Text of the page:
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Full of WISE SAWs and MODERN INSTANCES.
IN TWO VOLUMES.
William Brown, Printer.
PASSION AND PRINCIPLE
« Our labours you witb sickly eyes bchold,
And think them our dishonour, which indeed
AMONGST the laborious, honourable, and ill-paid professions to which men of ability devote their time and talents, that of a schoolmaster is, perhaps, the most tiresome and worst rewarded. To expatiate here upou the continuous misery of hearing the same lessons repeated daily, for the whole course of one's natural life, enlivened only by the different occupations of correcting bad exercises or polishing nonsense verses, would be quite needless : first, because it would be impossible in terms adequately strong to describe the horrors of such an existence; and secondly, because it is not to the professional labours of Mr. Rodney, of Somerville House Academy, that I have any disposition particularly to call the attention of my readers.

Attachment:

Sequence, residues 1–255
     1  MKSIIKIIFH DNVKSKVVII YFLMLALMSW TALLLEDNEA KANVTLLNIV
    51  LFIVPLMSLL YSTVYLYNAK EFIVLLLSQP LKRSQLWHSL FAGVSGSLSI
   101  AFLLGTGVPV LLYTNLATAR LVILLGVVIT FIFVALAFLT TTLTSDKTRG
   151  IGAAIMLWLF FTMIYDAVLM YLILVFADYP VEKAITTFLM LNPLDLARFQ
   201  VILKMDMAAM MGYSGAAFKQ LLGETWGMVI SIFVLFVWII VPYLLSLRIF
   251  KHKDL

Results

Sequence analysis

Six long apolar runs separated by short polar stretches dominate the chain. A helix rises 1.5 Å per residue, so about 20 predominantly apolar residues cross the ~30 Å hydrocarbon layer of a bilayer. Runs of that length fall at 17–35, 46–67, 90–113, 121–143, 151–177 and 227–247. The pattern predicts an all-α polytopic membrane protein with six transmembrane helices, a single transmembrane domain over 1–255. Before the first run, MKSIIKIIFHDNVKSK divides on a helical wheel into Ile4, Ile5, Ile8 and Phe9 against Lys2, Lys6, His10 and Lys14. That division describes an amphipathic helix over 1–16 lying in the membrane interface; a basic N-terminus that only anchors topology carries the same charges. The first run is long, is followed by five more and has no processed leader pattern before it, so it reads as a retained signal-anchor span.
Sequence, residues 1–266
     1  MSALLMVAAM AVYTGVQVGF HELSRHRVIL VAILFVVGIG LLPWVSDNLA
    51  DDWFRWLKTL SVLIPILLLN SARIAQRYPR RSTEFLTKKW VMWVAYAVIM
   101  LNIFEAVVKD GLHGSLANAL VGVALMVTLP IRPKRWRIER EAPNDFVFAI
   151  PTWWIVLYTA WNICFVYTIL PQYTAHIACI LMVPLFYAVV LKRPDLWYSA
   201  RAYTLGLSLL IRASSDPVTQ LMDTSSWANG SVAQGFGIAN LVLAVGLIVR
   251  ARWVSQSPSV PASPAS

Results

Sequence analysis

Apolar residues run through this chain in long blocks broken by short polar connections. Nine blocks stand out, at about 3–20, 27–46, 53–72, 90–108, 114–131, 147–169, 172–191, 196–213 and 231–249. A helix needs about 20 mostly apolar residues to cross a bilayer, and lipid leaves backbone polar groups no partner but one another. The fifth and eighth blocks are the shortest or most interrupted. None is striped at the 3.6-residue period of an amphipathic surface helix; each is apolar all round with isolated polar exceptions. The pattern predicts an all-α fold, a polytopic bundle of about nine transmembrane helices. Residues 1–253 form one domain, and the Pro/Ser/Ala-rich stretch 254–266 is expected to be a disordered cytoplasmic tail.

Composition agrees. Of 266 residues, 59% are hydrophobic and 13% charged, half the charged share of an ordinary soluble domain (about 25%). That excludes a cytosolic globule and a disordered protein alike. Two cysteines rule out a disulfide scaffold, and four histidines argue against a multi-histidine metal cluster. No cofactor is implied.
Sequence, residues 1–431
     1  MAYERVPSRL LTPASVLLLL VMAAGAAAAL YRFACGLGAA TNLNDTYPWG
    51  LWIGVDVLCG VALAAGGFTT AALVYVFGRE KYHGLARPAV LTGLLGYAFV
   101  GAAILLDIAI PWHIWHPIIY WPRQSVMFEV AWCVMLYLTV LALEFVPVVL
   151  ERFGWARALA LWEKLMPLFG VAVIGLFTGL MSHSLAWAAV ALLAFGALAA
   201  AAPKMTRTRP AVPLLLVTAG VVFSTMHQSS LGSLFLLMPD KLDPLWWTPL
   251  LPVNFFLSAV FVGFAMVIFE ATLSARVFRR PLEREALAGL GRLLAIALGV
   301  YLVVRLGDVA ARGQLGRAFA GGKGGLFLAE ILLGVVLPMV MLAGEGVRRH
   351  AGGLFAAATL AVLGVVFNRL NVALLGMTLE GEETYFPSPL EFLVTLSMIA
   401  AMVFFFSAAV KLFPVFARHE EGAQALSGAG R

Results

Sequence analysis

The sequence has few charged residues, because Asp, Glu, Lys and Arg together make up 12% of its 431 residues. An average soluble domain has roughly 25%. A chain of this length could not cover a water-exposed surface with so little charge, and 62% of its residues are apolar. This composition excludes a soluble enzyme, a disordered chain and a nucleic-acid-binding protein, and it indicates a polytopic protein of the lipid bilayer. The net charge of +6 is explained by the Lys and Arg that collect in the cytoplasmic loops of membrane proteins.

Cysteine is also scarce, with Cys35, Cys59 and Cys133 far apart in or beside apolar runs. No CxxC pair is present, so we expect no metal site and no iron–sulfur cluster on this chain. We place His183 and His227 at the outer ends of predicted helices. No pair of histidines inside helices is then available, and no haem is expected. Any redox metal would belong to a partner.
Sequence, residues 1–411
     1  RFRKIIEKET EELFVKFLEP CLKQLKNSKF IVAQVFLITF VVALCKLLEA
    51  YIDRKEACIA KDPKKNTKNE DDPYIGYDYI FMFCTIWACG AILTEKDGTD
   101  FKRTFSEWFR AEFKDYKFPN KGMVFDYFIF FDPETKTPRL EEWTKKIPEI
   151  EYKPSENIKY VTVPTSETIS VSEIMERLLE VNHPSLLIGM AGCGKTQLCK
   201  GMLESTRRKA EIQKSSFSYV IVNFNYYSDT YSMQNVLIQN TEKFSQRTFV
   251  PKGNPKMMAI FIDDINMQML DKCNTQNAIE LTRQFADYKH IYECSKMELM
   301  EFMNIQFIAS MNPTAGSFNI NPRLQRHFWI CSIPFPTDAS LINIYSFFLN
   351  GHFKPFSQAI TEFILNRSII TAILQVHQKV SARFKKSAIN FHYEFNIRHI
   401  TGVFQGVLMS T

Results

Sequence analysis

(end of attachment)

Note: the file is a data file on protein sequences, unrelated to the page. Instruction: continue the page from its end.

Suffice it to say, that in a country town, (I hope it has been observed how carefully I conceal the names of places,) not more than fifty miles from the metropolis, my friend, Mr. Rodney, had for many years governed the school which, in compliance with the prevailing taste for fine names and elegant definitions, had of late years been dignified with the high-sounding title just mentioned; and had, during his lengthened dominion there